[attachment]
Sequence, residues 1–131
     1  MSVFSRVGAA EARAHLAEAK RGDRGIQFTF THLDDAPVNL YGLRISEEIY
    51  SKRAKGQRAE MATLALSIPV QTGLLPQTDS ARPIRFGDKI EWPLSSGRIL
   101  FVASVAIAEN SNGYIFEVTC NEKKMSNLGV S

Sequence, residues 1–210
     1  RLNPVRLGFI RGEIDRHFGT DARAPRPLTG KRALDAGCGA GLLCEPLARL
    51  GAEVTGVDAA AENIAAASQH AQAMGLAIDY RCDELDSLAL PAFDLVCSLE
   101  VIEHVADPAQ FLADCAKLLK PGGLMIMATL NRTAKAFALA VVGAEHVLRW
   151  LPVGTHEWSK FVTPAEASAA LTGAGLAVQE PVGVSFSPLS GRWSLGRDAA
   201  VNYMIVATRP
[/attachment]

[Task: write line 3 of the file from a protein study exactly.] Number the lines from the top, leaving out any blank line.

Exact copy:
    51  SKRAKGQRAE MATLALSIPV QTGLLPQTDS ARPIRFGDKI EWPLSSGRIL